UCL Institute for Innovation and Public Purpose


The macroeconomic implications of innovation policies

This research aims to offer a new way of understanding macroeconomic implications of innovation policies in terms of long-term investment and economic growth.

About the project 

IIPP’s research aims to provide a new macroeconomic interpretation of the major determinants of long-term economic growth, with a focus on the key drivers of real private investment. To fully understand how effective the role of government can be in fostering and influencing the direction of economic growth in the long run, it is fundamental to disentangle the channels through which public intervention can influence economic activity and private investment. For this reason, it becomes particularly relevant to have a robust empirical and theoretical analysis of the dynamic impact that different macroeconomic interventions have on the economy, starting with the effects on private investments.

The crucial questions that will be addressed are the following:

  • Can expansionary fiscal policies generate positive and permanent effects on GDP? 
  • What size of economic multipliers associated with different types of fiscal policy, including directed public investment in innovation and mission-oriented policies as well as standard capital investment?
  • Can fiscal policies ‘crowd-in’ private investment rather than crowd it out? If so, what types of policy are most effective?
  • What is the role of private expectations on the interaction between state-funded innovation initiatives and firms’ investment in R&D?
  • Under conditions of uncertainty about the future, what is the role of monetary policy in stimulating business investment and growth and how should monetary and fiscal policy be coordinated?

To answer these questions, IIPP proposes a new theoretical framework that combines relevant insights from the literature on innovation (public and private) and industrial economics with the current debate in macroeconomics over the effects of different types of fiscal and monetary policies. The necessity for this new approach emerges from a twofold motivation: (i) to improve our understanding of the effects of fiscal and monetary policies on GDP growth and business investment; (ii) to assess the fundamental role that can be played by public policies in shaping and creating new markets and directions for technological advancements.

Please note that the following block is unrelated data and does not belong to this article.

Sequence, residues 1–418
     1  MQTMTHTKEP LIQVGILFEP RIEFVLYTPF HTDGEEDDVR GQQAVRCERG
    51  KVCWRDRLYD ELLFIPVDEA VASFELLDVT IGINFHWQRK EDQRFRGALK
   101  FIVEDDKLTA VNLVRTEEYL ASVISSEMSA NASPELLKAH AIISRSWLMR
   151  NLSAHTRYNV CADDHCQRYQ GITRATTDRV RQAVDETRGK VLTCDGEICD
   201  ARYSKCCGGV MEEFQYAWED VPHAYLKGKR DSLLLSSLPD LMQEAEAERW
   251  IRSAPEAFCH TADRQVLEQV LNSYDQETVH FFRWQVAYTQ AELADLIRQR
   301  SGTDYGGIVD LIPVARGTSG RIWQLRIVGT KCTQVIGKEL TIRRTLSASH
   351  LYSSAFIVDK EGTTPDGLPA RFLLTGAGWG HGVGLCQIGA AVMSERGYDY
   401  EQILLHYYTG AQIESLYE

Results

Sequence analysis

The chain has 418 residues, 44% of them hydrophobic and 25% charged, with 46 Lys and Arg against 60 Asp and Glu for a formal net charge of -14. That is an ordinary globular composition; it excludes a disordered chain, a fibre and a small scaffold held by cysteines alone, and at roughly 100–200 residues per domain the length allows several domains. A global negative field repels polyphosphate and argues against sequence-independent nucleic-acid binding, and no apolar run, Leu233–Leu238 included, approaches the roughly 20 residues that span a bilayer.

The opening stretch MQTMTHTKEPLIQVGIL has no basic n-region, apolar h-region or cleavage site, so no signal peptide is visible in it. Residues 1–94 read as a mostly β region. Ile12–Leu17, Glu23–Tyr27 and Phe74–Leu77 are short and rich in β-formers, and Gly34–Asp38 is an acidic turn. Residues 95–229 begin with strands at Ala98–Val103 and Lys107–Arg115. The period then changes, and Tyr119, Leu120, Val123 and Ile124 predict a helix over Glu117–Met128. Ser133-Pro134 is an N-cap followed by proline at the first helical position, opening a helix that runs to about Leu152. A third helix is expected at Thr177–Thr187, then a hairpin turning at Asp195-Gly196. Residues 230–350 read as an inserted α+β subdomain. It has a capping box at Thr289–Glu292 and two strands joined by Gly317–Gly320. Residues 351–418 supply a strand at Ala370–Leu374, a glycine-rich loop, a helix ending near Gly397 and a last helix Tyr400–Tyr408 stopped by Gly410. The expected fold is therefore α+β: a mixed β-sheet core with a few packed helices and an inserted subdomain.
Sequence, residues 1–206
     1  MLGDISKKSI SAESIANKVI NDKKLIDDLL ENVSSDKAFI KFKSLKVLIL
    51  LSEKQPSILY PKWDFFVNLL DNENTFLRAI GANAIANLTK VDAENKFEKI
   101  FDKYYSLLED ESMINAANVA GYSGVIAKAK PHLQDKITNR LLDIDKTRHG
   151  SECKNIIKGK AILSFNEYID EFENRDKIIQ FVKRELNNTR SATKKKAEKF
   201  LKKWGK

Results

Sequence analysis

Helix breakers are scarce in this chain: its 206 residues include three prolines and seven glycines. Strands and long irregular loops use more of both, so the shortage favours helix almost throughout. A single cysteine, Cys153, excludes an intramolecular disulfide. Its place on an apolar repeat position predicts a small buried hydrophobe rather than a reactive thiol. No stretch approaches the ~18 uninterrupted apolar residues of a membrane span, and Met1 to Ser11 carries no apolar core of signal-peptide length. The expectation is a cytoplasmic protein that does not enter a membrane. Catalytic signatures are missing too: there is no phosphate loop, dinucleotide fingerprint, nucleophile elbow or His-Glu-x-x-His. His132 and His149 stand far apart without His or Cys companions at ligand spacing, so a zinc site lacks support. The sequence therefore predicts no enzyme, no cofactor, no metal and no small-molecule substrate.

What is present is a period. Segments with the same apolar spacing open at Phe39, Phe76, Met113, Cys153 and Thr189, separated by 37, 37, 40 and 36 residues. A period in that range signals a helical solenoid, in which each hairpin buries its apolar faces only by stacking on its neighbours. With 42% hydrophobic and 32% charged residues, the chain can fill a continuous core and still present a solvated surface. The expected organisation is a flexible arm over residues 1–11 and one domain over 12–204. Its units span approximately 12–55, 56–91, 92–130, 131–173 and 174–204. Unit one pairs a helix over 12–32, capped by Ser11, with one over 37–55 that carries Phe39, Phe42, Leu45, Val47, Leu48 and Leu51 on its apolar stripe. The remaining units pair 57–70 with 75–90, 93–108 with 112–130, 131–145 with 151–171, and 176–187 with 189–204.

The motivation for such analysis arises from the Great Recession that followed the 2008 financial crisis, the current phase of economic stagnation, and the actual response that governments and central banks set out in terms of monetary and fiscal policies. In particular, the post-crisis response featured expansionary monetary policy combined with a restrictive fiscal policy, in the hope that an increase in the money supply and ensuing lower interest rates would be effective in fostering economic activity. Nevertheless, such policies have not generated the expected results for three main reasons: (i) a cut in public expenditures generates a permanent fall in GDP rather than an alleged expansion; (ii) an increase in money supply does not necessarily increase either the volume of private investment or the level of household consumption; (iii) low interest rates are ineffective in stimulating private enterprise and aggregate demand.

In a project commissioned by Innovate UK - the UK's Innovate agency - IIPP has made the first attempt to quantitively measure innovation policy. To do so, we carried out econometric research on different types of government spending in the US since 1947. 

Read the report

Read the blog post